40. Who Doesn’t Pay Taxes • Another 22 percent do not owe federal income tax because they are elderly people who benefit from tax provisions to aid senior citizens, such as the exemption of Social Security benefits from income tax for beneficiaries who have incomes below $25,000 for single filers and $32,000 for joint filers and the higher standard deduction for the elderly. • Another 15 percent (of the households who don’t owe federal income tax) don’t owe the tax because they are low-income working families with children who qualify for the child tax credit, the child and dependent care tax credit, and/or the earned income tax credit, and the credit(s) eliminate their income tax liability.***  • * Rachel Johnson, James Nunns, Jeffrey Rohaly, Eric Toder, and Roberton Williams, “Why Some Tax Units Pay No Income Tax”, Urban-Brookings Tax Policy Center, July 2011; and Roberton Williams, “Why Do people Pay No Federal Income Tax” TPC TaxVox, July 27, 2011. For a further discussion of this TPC analysis, see Aviva Aron-Dine, “Trends”, Milken Institute Review, First Quarter 2012, pp. 5-11.** Roberton Williams, “Why Do People Pay No Federal Income Tax?”, TPC TaxVox, July 27, 2011*** The remainder of those who do not owe federal income tax, about 13 percent, don’t owe federal income tax because of itemized deductions or other tax benefits.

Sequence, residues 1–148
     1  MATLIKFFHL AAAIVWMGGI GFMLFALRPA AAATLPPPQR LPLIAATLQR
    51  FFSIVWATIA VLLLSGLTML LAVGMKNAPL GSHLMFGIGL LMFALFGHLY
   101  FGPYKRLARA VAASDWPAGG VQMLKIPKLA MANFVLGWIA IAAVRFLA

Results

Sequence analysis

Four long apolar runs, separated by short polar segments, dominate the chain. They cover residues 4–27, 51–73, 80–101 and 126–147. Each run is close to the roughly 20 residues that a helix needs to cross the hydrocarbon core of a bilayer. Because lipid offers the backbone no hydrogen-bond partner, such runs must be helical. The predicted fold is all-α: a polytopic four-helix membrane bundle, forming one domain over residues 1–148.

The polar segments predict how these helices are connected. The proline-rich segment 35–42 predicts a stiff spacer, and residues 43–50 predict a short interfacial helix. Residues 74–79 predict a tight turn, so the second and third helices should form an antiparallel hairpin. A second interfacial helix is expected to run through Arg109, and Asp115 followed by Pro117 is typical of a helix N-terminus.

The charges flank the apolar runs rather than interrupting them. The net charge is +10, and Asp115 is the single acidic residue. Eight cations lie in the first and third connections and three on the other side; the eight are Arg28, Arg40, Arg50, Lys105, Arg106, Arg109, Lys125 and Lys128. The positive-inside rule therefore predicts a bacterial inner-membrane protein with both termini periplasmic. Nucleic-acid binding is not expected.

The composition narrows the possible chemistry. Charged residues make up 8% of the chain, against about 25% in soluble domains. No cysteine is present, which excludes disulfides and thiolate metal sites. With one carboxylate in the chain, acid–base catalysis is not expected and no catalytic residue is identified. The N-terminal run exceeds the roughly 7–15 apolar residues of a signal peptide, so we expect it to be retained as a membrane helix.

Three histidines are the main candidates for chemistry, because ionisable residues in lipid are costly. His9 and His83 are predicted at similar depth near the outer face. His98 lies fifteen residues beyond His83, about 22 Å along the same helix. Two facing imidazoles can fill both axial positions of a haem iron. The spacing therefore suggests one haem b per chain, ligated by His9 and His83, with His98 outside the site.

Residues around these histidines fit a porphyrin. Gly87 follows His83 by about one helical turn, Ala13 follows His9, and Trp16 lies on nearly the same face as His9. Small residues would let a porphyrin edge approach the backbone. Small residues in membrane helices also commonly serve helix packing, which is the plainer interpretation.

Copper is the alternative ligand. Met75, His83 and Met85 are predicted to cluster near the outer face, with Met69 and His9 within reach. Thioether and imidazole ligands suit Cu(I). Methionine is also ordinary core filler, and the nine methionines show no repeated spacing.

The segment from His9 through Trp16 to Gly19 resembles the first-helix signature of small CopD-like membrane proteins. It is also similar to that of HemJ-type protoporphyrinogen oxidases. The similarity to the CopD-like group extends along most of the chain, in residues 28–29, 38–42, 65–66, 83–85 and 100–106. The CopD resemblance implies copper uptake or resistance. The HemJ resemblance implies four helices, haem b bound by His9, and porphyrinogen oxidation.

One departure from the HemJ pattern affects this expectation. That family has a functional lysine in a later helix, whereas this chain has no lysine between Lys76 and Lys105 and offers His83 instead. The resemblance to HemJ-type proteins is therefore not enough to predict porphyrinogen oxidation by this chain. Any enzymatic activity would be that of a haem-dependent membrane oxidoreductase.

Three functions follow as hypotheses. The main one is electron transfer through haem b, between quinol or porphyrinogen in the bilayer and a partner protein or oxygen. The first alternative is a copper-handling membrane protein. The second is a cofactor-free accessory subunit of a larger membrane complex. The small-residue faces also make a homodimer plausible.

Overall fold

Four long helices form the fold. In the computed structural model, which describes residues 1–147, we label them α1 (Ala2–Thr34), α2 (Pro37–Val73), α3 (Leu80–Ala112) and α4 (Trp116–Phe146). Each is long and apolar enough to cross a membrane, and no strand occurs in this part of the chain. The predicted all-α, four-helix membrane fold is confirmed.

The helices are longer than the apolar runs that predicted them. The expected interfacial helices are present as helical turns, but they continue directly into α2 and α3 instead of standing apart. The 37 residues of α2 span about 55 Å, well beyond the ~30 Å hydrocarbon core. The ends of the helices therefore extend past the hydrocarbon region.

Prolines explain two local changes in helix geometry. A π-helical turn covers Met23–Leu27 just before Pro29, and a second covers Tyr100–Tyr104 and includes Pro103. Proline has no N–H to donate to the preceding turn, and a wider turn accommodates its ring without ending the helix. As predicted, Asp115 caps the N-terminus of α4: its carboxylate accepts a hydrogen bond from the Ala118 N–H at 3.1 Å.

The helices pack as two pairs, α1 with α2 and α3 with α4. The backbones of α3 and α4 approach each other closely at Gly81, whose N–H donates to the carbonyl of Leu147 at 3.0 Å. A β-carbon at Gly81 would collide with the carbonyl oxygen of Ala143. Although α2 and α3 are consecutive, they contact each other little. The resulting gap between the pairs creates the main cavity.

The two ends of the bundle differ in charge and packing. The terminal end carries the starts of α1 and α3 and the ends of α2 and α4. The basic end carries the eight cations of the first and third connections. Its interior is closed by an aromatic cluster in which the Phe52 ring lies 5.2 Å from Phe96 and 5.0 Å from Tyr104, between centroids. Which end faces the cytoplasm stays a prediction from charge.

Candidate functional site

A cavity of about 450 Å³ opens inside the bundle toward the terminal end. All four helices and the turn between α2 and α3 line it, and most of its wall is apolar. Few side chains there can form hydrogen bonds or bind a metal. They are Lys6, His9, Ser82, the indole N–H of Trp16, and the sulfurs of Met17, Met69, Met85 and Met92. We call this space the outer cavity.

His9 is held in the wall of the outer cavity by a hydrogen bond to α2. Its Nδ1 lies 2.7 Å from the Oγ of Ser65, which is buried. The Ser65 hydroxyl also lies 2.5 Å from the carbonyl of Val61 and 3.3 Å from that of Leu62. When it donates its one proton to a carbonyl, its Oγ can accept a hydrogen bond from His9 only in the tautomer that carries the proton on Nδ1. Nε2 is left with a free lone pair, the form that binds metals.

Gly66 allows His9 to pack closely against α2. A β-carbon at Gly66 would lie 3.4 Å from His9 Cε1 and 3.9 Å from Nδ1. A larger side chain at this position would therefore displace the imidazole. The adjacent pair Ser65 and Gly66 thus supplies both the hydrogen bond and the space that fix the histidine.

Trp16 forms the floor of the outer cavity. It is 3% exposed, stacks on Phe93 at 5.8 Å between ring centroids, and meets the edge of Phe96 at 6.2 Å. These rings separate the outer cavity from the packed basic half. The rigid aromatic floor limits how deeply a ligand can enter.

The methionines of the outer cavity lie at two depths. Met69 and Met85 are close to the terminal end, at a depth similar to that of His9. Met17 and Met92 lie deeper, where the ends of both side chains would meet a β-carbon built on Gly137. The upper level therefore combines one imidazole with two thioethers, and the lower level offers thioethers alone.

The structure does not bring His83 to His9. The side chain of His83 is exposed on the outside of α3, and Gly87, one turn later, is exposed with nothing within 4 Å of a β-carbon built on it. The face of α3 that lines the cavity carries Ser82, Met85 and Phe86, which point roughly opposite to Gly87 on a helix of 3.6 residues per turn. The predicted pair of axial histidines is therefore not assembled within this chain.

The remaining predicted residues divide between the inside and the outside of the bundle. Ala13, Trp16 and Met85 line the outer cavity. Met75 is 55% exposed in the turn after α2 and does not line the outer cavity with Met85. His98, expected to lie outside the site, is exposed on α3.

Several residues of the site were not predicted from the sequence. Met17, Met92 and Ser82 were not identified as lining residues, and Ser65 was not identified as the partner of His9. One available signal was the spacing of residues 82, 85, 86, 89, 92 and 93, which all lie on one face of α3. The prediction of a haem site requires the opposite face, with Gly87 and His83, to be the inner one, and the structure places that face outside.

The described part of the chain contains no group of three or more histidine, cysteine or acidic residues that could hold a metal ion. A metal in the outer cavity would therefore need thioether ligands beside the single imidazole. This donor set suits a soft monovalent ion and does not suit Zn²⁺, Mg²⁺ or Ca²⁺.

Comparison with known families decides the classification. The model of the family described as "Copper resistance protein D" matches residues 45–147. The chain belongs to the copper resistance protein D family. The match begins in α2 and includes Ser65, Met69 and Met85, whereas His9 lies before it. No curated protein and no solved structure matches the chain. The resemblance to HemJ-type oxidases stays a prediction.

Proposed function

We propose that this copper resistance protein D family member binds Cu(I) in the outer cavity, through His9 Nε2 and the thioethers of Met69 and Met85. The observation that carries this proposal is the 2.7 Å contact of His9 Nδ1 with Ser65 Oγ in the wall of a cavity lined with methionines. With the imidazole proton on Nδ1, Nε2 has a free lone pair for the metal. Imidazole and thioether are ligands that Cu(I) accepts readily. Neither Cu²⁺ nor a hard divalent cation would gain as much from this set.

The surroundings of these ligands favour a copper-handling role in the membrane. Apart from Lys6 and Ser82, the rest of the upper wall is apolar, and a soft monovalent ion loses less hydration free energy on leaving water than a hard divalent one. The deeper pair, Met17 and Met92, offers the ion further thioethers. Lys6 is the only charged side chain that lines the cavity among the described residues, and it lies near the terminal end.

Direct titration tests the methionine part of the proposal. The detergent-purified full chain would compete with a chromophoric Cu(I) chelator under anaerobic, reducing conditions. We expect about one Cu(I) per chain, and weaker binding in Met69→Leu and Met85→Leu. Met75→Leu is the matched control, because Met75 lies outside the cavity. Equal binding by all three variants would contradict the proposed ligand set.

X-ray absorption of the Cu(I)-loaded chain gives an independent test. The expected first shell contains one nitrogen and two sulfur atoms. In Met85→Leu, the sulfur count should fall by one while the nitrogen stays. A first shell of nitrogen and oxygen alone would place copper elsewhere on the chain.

41. Tools of Economic Policy • Fiscal Policy: The use of taxes and spending to influence the economy • Specific taxes can draw on certain sectors of the economy or certain classes of households

  42. Tools of Economic Policy

  43. Tools of Economic Policy

  44. Tools of Economic Policy • Progressive taxes impact higher earners more than lower earners • Graduated income taxes • Luxury taxes • Regressive taxes do the opposite • Sales taxes, excise taxes, FICA taxes • Greenspan/Reagan and Social Security tax story

  45. Tools of Economic Policy • Spending and Budgeting • Office of Management and Budget • President’s budget office • Congressional Budget Office • Non-partisan and highly respected • Discretionary Spending • Federal spending on programs that are controlled through the regular budgeting process

  46. U.S. Budget Deficits and Surpluses, 1960–2010